🏰 Deep Skirt speaks 👹 monster hotties 💀 twelve foot skeletons 🪄 hexes 🐎 horse play 💃 dancing slow🕺🏻
🍭 👂 TRUST ME! 🌈 🤸♀️
Today is Monday, October 23. In case this newsletter is too long…the podcast I have been waiting for my entire life is here, this podcast is confusing the shit out of me and I love it, and this was so beautiful and delicate I felt like I was holding a bird egg, if that makes any sense.
Thanks for reading Podcast The Newsletter! Subscribe for free to receive new posts and support my work.
ps If you are pleased with Podcast The Newsletter, please spread the word.
👋q & a & q & a & q & a👋
Faith E. Pinho
Faith E. Pinho is the creator and host of Foretold, a Los Angeles Times podcast.
How was the final result of Foretold different than you thought it’d be when you started?
The beautiful thing about Foretold is that it is really a story about the evolution of a woman and her culture – and, on a meta level, our evolution in covering this story. When I first began interviewing Paulina, I was a pretty green reporter at the Daily Pilot, a community newspaper in Southern California. I had barely worked on a story for longer than a couple weeks – never mind several years!
Then we started adding to our team.
I remember senior producer Asal Ehsanipour buried in brightly colored sticky notes to sketch out the initial structure of this massive, winding and multifaceted narrative. Alex Higgins, our producer, composer and sound designer extraordinaire came up with quirky, memorable mnemonics to make the story sing – like my personal favorite, the dial-up Internet in episode 3. Assistant editor Lauren Raab picked over every fact, making sure we had checked everything down to the smallest detail. Our editors Sue Horton and Avery Trufelman molded every piece of our reporting and writing – from editing cold call emails to spinning a narrative from a mess of tape. We learned so much storytelling gold from our edit sessions, including one nugget from editor and executive producer Jazmín Aguilera: “Poetry is for concepts. Simple language for plot.” Heba Elorbany, our executive producer, always came to listening sessions with fresh ears for plot holes and unanswered questions. We could have never created this piece without the brilliance of Dr. Ethel Brooks, our cultural consultant who brought her expertise as a scholar and lived experiences as a Romani American to shape the story. Sound engineer Mike Heflin offered up his personal recording studio on countless occasions and made the tape sparkle, giving that final sheen to each episode. And without our composers Vadim Kolpakov and Alex PGSV, we wouldn’t have had such bright, evocative music transporting listeners from place to place throughout each episode.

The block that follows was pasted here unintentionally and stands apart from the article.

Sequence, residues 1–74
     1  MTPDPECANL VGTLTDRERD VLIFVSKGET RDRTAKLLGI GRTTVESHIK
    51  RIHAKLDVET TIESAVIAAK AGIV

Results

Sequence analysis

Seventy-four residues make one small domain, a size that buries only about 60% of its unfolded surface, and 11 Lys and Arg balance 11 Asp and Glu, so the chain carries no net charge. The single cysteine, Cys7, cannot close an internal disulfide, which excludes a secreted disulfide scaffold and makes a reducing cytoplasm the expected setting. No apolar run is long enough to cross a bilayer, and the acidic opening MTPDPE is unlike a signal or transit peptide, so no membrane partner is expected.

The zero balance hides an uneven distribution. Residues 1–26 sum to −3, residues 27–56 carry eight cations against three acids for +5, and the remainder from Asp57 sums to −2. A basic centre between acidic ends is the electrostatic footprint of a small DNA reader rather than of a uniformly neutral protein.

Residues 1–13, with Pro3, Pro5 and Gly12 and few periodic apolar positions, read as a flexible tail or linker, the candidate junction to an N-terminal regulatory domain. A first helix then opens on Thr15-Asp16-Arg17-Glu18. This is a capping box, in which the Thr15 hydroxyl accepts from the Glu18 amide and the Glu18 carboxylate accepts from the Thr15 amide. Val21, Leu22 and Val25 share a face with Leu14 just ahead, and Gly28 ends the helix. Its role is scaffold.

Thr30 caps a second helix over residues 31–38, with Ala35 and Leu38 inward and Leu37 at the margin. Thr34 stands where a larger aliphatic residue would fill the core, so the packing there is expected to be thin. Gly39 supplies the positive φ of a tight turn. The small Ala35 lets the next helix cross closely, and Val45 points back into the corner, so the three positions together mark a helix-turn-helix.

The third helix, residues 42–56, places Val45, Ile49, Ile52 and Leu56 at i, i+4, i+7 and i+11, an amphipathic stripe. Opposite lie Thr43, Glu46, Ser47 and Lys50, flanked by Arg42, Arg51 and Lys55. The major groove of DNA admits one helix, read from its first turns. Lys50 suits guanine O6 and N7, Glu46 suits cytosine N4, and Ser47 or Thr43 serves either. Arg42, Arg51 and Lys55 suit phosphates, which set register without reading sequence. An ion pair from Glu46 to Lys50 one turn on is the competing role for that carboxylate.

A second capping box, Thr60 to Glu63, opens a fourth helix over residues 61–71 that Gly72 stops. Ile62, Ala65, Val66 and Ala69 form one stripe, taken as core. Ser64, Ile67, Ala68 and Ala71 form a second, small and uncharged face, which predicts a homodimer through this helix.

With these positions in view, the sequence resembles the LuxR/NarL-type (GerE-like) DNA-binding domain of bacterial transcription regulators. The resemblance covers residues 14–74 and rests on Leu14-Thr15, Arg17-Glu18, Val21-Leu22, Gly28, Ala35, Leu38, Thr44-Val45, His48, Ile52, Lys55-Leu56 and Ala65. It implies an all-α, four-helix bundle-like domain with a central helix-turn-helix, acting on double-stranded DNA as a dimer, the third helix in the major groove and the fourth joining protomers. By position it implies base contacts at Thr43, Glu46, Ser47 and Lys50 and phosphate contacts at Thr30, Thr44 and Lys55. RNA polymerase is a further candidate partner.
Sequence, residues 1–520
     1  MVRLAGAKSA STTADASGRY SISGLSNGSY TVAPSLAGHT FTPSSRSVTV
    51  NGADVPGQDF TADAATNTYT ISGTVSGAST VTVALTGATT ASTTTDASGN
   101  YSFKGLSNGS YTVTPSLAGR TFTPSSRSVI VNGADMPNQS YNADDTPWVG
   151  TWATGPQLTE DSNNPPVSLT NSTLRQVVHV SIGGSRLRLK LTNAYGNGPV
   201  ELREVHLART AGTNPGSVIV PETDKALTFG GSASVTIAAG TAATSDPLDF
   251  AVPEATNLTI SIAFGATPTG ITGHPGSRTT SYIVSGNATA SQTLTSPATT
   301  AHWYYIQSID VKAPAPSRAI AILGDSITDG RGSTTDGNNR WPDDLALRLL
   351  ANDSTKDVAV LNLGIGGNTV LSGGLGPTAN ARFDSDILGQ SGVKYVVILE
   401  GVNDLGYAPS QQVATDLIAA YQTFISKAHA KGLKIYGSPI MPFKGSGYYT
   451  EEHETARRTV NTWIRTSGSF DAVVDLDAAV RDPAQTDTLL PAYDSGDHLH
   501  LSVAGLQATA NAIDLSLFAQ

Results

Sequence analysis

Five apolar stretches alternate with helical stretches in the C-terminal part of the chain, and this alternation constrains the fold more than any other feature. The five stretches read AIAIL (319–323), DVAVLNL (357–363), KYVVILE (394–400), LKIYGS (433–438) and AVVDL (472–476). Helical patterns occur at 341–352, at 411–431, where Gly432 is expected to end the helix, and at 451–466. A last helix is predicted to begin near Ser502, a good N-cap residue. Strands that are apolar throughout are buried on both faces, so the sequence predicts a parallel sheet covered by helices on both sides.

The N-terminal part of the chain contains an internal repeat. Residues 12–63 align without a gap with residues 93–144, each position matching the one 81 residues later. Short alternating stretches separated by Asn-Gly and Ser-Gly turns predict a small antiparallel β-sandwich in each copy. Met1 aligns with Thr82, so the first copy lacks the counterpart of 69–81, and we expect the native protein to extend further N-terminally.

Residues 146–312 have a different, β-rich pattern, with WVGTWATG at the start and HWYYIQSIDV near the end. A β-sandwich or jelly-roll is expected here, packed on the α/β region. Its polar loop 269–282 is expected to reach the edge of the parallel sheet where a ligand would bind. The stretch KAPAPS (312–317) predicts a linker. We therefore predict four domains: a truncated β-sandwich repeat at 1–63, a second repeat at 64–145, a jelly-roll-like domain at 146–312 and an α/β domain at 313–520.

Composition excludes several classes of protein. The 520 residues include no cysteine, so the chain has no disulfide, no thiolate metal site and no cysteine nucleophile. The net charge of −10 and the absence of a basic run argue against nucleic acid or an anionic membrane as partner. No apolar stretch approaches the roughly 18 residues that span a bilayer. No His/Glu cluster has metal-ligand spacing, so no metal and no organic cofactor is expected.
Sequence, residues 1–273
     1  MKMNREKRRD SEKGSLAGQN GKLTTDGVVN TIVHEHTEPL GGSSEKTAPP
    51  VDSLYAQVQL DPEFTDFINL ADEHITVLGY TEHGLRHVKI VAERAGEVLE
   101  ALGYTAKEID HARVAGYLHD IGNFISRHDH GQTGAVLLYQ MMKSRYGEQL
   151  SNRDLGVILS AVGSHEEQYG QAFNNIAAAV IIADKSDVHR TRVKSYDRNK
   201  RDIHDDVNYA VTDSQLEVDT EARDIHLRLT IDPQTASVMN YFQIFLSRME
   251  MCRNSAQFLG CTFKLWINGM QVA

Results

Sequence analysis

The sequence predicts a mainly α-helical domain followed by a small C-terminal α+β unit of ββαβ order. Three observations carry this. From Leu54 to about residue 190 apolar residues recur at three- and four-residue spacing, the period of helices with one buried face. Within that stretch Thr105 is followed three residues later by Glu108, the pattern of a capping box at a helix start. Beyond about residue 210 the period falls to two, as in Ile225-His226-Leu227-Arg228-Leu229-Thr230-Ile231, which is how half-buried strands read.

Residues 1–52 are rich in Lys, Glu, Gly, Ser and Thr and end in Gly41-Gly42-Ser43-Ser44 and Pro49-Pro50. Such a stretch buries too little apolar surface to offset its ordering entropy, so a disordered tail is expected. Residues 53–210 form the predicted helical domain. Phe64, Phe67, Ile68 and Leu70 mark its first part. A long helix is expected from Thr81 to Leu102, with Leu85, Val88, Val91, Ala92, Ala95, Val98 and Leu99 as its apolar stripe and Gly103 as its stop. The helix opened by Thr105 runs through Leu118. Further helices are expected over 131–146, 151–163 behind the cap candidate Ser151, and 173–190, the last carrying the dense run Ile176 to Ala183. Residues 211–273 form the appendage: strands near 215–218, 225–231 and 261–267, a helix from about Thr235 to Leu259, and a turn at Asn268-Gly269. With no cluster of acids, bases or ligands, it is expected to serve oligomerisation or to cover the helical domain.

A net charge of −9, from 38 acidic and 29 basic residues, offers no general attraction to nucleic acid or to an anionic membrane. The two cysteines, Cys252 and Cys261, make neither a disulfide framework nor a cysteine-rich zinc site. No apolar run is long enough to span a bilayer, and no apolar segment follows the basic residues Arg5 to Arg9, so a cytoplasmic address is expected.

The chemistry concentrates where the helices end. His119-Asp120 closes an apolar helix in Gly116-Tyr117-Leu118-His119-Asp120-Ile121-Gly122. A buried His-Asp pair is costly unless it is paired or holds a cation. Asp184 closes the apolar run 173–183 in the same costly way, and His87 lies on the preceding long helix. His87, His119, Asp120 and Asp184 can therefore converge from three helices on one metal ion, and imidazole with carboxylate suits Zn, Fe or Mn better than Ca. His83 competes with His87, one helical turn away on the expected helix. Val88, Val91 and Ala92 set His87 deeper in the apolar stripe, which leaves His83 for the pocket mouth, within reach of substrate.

I’d always hoped to tell one woman’s story while weaving in lots of context and education about fortunetelling and the Romani American community. But I was blown away by how each of these people brought their skills and life experiences to shape this story into a true masterpiece. (I’m not biased at all!)
What has the response been? Any interesting listener feedback you’ve gotten?
I’ve loved the responses we’ve received from listeners – some who were just drawn in by the storytelling, some who valued seeing and hearing Romani perspectives from a mainstream news organization and others who saw themselves in parts of Paulina’s life story. One line from a listener who emailed, Amanda, really stuck with me: “My point is, listening to Paulina's story—albeit absolute dimensions away from my own—helped me to realize that our identities are our own, that it's okay to explore and to try and to not know, that no one can (nor should) make these decisions for us, and that there is so much liberation to be found in exploring/owning/rejecting who we are in our own ways.”
How hard was it to get people to talk? What would you say to them? Were you scared or uncomfortable?
Given the legacy of media coverage about the Romani community, many people were understandably hesitant to talk for the podcast. We approached every conversation – including cold calls – with as much sensitivity as possible. That usually meant acknowledging what we didn’t know, asking for their help in providing context or information and promising to be fair and accurate. Building trust with some sources took years. Some only spoke to us on background. Many still would never talk to us. I tried everything I could think of with hard-to-get sources – calling, emailing and texting, yes. But also DMing them on Instagram, driving hours to knock on their doors, having mutual contacts vouch for me. In one case, I even left homemade brownies at someone’s home. In the end, the silence and the hesitancy to talk became part of the story, and a lesson about what centuries of harmful journalism can do to fray the relationship between a community and the media.
Did you ever get your fortune told? What were you told?